A Better Way To Work TimeBack Management

About Dan Markovitz

Dan Markovitz is the founder and president of TimeBack Management. Prior to founding his own firm, Mr. Markovitz held management positions at Sierra Designs, Adidas, CNET and Asics Tiger. Learn More...

Leveling; smoothing out the flow; e.g., doing two performance evaluations a day for 3 weeks, rather than ten a day for three days -- and then needing to take a vacation because you're so burned out.
Overburdening people, process, or equipment; e.g., people working 100 hour weeks for months on end -- come to think of it, like most lawyers and accountants.
Uneveness or variability; e.g., leaving work at the normal time on Thursday, but having to stay at the office till midnight on Friday because the boss finally got around to giving you that project...at 4:30pm.
Waste; activities that your customer doesn't value and doesn't want to pay for; e.g., billing your customer for the really expensive 10am FedEx delivery because you didn't finish the document on time.

TIMEBACK BLOG Syndicate content

Root-cause analysis: Myth #2

Posted November 11, 2007 @ 6:32 PM

This is Part 2 of a three-part series on the myths that underlie our thinking in the workplace and that lead to waste and inefficiency.

Myth #2: "I'll just take care of the easy things first, and then tackle the big project."

Like all good fantasies, this one has the veneer of logic, which makes it so very attractive. It sure seems to make sense, right? Write a couple of emails first, before getting bogged down in building that spreadsheet you've been dreading. Or make a few phone calls, and then dig into the expense reports from the last three months.

You figure that it makes sense to cross a bunch of easy things off your to-do list, because the big, icky, nasty thing -- the one that everytime you look at it (and lord knows you've looked at it plenty of times during the two months it's been sitting on your desk) makes you feel like you suck because you can't seem to get it done -- will take a long time to finish. And frankly, you might be right about how long it will take, or how difficult it will be.

But you're wrong in putting that task behind the easy ones. Here's why:

If you told a teenager that he could play one video game before cleaning his room, how long do you think he'd make that game last? He'd milk it for all it's worth. He'd play so long that he'd never get to cleaning his room before finally getting sent to bed. (Most parents know this, of course, which is why they insist that the room gets cleaned before settling in with Halo 3.)

Unfortunately, you're behaving like your own children. You're doing the corporate equivalent of playing video games before cleaning your room. You check email, make phone calls, surf the net, talk to colleagues, get another cup of coffee -- you do anything you can before tackling the project you hate the most. And in this kind of hidden procrastination lies an enormous amount of waste. (I call this procrastination "hidden," because while you're busy congratulating yourself on how productive you are by finally figuring out the keyboard shortcut for the copywrite symbol in Word, you're not getting the stuff done that's cluttering your desk and your mind.)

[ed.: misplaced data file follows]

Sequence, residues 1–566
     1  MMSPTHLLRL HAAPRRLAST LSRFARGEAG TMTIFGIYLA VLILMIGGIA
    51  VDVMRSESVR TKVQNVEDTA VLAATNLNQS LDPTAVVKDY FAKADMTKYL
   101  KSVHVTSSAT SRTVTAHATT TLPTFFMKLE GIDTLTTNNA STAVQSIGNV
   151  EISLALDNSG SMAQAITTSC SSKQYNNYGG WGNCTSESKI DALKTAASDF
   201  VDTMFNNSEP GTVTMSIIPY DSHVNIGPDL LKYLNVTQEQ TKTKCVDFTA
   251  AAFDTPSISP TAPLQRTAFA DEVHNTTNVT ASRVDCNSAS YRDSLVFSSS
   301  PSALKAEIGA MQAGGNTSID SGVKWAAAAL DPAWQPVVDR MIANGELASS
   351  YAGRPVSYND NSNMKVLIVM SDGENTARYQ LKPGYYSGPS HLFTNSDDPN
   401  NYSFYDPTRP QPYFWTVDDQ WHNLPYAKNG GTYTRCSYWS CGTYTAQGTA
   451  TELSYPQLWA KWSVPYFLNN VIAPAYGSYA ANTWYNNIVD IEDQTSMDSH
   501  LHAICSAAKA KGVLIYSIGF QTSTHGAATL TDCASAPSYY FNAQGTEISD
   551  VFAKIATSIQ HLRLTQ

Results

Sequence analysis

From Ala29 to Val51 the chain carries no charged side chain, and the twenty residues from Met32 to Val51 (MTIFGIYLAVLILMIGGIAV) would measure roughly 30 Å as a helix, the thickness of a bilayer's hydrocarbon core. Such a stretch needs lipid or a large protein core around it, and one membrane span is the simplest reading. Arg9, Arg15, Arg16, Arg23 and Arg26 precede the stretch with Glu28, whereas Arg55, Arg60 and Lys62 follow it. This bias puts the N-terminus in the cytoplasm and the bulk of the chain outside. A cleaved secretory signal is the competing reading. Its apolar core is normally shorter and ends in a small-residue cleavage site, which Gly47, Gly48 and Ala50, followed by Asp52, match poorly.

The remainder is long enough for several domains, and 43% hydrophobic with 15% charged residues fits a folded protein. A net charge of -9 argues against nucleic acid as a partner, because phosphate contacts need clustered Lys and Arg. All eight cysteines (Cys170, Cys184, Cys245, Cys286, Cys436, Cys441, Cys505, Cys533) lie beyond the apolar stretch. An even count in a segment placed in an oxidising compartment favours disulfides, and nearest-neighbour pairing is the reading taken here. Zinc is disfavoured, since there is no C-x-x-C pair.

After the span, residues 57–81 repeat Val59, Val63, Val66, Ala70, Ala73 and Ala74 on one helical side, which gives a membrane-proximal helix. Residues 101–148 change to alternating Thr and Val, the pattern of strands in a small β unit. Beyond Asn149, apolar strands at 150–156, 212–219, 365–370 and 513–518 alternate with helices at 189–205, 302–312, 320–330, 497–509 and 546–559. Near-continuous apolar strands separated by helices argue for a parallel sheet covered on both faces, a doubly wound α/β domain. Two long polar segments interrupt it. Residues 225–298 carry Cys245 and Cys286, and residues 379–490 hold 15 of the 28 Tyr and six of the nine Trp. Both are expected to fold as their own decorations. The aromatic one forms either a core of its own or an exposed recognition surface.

But procrastination is not in and of itself wasteful.

No, the real waste stems from the extra time it takes to complete otherwise simple tasks. Your phone calls take longer, because you spend extra time talking about the whether the Patriots will go undefeated or how serious global warming really is. Your email takes longer, because (having just read Send) you proofread a bit more than you normally would. Your review of a colleague's document takes longer, because you add just a few more comments of only marginal value. Hell, it probably takes you longer to get a cup of coffee, because you're debating whether you should finally try the Hazlenut soy latte instead. And the reason? Because you're stalling. You don't want to get to the really icky thing that you hate.

I saw a survey once that showed it took people 67% longer to complete the same tasks when they put the crappy ones at the end. Think about the colossal waste in that dilation of time. Every time that you postpone the big or difficult task in favor of knocking out the easy ones, you're unwittingly undermining your own efficiency. You're introducing unnecessary muda into the system.

What you need to do instead is tackle the worst thing first. Even if you can't finish it, the mere fact that you started it and worked on it for 20 or 30 minutes will eliminate the time dilation. And you'll also find that you feel better about yourself: you won't have that thing glaring at you reproachfully anymore making you feel inadequate.

So go on: do the worst-first, and don't get suckered into just doing the easy stuff.

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